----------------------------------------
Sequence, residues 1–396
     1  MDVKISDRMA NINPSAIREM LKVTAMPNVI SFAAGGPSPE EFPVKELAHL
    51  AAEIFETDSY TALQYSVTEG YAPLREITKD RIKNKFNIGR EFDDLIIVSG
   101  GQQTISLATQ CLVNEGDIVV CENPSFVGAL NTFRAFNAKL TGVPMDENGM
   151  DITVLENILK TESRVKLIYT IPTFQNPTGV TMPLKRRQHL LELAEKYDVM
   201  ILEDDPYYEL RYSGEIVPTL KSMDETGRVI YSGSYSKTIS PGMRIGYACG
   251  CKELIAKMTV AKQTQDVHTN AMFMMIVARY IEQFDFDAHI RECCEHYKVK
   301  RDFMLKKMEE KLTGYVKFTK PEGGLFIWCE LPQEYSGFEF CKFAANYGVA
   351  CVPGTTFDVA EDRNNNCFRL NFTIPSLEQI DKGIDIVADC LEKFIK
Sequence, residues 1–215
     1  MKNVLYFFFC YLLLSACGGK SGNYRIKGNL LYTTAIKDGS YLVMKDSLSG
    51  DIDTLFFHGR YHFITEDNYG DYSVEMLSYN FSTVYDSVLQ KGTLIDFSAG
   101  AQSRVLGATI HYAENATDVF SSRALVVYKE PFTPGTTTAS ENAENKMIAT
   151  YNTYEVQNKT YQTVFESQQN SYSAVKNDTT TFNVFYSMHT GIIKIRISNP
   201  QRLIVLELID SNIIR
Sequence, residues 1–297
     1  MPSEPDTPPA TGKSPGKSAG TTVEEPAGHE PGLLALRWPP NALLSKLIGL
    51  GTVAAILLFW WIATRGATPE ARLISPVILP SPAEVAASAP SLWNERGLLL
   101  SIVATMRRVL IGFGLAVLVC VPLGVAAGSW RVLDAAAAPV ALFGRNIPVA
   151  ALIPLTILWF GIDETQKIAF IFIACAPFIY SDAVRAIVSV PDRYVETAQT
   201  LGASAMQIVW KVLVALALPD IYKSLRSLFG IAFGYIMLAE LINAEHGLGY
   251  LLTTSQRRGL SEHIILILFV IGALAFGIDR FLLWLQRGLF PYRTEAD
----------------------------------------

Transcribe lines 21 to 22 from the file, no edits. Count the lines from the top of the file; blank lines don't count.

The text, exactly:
   201  LGASAMQIVW KVLVALALPD IYKSLRSLFG IAFGYIMLAE LINAEHGLGY
   251  LLTTSQRRGL SEHIILILFV IGALAFGIDR FLLWLQRGLF PYRTEAD